Follicular Neoplasm, Hürthle Cell Type/Suspicious for a Follicular Neoplasm, Hürthle Cell Type

  • William C. Faquin
  • Claire W. Michael
  • Andrew A. Renshaw
  • Philippe Vielh


Ewing coined the term “Hürthle cell” in 1928 based upon the description of a cell made by Hürthle in 1894. The term has become entrenched in the thyroid lexicon, even though Hürthle’s original description is now believed to represent a parafollicular or C-cell of the thyroid gland.1 In 1898, Askanazy was the first to describe the follicular-derived Hürthle cell as we know it today.2 The Hürthle cell (also called Askanazy cell, oxyphilic cell, and oncocyte) is defined morphologically as a thyroid follicular cell with an abundance of finely granular cytoplasm. Most Hürthle cells have an enlarged, round to oval nucleus, and some have a prominent nucleolus.


Papillary Thyroid Carcinoma Papillary Carcinoma Follicular Cell Cell Adenoma Medullary Carcinoma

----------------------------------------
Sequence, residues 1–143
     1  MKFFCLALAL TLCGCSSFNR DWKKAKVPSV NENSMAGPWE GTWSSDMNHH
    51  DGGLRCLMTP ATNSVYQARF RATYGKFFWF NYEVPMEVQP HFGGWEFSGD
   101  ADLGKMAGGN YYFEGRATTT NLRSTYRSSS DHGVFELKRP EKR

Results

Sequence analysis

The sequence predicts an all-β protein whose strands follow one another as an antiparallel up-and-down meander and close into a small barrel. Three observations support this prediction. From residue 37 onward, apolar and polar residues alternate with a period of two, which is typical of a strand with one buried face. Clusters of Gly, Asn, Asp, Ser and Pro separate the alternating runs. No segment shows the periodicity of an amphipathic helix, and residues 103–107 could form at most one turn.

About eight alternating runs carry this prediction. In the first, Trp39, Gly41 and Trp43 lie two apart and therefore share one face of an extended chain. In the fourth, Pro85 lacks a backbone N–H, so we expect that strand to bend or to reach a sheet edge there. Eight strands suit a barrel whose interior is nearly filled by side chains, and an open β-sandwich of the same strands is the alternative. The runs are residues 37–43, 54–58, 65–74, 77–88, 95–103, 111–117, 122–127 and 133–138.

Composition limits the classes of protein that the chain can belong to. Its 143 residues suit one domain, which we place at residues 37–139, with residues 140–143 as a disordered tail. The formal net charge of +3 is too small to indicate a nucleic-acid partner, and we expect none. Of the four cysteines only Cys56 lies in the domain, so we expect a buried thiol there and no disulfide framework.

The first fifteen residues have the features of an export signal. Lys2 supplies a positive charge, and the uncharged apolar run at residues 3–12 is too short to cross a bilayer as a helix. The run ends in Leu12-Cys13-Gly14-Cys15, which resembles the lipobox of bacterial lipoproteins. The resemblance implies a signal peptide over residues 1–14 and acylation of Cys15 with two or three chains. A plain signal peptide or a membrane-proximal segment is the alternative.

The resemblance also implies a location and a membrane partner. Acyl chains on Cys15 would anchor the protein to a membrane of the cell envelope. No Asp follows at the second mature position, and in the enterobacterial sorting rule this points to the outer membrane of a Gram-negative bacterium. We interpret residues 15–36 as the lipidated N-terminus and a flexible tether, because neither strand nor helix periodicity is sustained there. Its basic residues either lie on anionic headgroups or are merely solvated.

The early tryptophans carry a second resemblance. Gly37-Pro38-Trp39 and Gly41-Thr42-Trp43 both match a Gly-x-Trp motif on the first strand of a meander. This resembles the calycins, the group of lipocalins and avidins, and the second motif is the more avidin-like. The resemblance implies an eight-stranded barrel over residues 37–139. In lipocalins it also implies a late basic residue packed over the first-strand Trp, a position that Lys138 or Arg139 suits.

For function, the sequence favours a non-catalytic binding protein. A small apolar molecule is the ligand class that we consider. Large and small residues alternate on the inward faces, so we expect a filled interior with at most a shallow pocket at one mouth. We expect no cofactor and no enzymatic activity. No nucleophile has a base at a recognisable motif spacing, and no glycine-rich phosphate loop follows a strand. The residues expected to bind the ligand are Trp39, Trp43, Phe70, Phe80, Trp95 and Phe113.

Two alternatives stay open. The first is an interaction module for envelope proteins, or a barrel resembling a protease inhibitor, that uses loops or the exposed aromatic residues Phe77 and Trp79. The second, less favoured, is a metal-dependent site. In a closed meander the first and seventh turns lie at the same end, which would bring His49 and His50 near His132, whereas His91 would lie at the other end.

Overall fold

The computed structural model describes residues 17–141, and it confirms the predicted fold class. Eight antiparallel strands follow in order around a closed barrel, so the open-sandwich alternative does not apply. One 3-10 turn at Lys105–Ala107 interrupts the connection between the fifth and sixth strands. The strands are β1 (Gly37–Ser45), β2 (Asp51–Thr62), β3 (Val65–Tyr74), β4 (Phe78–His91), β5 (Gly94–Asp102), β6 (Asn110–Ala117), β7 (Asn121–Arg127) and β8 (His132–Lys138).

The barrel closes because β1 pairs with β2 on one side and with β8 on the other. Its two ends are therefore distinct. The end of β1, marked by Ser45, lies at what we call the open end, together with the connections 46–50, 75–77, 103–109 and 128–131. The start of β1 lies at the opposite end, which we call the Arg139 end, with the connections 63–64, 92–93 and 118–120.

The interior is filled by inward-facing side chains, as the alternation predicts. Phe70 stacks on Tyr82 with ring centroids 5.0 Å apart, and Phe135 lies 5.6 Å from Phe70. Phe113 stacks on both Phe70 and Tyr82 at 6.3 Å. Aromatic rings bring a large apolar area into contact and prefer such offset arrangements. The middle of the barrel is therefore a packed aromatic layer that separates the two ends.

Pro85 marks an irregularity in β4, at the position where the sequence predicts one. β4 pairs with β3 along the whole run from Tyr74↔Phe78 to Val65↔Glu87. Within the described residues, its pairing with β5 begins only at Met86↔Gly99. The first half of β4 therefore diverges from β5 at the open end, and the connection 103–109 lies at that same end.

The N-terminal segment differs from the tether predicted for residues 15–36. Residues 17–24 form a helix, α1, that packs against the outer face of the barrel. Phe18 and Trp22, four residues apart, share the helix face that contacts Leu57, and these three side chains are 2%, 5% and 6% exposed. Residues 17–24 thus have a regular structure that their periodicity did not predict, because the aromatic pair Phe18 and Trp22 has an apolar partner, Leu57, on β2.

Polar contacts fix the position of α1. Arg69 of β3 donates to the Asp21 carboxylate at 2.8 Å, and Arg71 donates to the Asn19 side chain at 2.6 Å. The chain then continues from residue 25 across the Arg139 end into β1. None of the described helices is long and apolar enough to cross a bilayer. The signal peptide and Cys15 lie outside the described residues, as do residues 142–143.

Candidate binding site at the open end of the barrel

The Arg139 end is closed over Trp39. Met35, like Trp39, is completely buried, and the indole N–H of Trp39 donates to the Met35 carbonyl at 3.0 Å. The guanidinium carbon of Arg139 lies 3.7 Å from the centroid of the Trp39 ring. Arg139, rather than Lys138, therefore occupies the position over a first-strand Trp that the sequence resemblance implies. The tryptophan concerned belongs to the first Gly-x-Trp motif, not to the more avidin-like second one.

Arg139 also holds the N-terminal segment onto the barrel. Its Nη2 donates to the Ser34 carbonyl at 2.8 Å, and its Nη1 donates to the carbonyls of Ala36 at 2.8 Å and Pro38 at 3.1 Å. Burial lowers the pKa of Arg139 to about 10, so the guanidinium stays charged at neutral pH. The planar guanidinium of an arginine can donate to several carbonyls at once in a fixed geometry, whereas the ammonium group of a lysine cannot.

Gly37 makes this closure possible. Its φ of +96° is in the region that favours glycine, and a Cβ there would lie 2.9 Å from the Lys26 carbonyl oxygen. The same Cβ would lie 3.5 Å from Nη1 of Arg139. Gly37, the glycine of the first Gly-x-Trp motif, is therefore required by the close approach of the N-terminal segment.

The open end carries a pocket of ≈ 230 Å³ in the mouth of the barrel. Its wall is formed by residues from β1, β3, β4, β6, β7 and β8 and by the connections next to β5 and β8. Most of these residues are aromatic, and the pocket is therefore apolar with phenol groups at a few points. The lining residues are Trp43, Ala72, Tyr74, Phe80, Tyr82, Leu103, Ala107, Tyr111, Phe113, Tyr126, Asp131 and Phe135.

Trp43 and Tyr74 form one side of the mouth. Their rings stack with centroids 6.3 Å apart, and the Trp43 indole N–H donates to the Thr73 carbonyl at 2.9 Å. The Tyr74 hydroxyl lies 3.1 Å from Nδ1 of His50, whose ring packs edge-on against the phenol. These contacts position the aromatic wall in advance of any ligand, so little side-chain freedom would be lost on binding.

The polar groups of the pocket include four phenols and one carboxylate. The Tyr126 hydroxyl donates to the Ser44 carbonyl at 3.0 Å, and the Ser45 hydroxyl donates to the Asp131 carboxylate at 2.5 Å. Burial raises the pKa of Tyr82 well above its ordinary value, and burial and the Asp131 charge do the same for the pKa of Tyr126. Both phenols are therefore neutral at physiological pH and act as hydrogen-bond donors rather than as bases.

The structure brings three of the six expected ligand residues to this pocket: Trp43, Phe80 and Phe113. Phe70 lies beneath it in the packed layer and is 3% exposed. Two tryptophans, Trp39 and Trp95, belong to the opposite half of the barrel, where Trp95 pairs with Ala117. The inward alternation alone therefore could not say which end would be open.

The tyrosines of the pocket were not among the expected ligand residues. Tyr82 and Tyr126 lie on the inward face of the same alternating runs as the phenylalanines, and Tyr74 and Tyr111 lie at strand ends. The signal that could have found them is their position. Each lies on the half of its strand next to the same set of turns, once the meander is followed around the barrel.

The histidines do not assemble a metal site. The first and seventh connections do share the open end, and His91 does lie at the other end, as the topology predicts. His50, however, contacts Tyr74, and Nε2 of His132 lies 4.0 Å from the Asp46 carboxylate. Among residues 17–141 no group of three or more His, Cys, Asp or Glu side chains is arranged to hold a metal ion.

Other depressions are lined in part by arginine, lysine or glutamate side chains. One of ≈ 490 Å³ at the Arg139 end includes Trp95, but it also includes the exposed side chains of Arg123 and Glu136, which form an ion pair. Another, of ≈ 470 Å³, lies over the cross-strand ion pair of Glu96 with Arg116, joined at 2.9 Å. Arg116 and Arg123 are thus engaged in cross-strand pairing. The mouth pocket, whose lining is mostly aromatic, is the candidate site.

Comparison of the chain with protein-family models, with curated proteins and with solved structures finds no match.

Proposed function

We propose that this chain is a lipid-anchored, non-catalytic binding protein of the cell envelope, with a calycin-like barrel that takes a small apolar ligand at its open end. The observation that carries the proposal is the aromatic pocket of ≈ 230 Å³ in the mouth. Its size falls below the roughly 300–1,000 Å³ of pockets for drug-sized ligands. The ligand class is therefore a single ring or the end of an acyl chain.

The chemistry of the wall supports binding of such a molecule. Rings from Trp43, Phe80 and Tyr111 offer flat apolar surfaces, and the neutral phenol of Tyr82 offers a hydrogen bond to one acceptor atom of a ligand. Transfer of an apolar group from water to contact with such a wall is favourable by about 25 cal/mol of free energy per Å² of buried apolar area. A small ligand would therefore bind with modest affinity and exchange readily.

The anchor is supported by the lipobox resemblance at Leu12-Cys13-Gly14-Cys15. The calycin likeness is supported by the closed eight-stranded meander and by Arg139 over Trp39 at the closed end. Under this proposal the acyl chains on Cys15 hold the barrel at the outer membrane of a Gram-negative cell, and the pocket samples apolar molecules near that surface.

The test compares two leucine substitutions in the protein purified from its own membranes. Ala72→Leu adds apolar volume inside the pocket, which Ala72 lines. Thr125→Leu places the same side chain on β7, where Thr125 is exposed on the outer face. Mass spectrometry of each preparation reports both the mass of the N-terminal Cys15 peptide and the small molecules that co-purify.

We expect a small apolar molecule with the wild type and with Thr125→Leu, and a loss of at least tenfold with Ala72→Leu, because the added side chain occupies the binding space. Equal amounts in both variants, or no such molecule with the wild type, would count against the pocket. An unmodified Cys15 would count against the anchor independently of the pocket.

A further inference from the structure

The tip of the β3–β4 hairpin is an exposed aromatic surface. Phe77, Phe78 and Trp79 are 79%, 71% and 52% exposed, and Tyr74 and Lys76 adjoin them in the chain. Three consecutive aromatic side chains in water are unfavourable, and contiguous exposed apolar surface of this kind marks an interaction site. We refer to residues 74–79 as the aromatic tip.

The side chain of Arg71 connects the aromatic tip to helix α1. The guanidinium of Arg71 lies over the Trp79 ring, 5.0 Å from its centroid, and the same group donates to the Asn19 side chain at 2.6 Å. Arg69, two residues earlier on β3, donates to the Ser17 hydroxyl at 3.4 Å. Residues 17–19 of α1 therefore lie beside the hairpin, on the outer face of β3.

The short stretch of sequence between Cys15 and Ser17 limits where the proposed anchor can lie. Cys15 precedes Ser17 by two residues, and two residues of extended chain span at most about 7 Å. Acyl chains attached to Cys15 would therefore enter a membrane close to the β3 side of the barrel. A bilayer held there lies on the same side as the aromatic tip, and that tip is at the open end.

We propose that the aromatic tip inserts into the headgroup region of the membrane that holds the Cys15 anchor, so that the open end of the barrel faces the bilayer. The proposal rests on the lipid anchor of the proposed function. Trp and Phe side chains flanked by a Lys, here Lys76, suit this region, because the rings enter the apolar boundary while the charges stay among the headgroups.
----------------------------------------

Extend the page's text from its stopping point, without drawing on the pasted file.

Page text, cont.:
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Copyright information

© Springer Science+Business Media, LLC 2010

Authors and Affiliations

  • William C. Faquin
    • 1
  • Claire W. Michael
    • 2
  • Andrew A. Renshaw
    • 3
  • Philippe Vielh
    • 4
  1. 1.Department of PathologyMassachusetts General Hospital and Harvard Medical SchoolBostonUSA
  2. 2.Department of PathologyUniversity of Michigan Medical CenterAnn ArborUSA
  3. 3.Department of PathologyBaptist Hospital of MiamiMiamiUSA
  4. 4.Department of PathologyInstitute de Cancerologie Gustave RoussyVillejuifFrance

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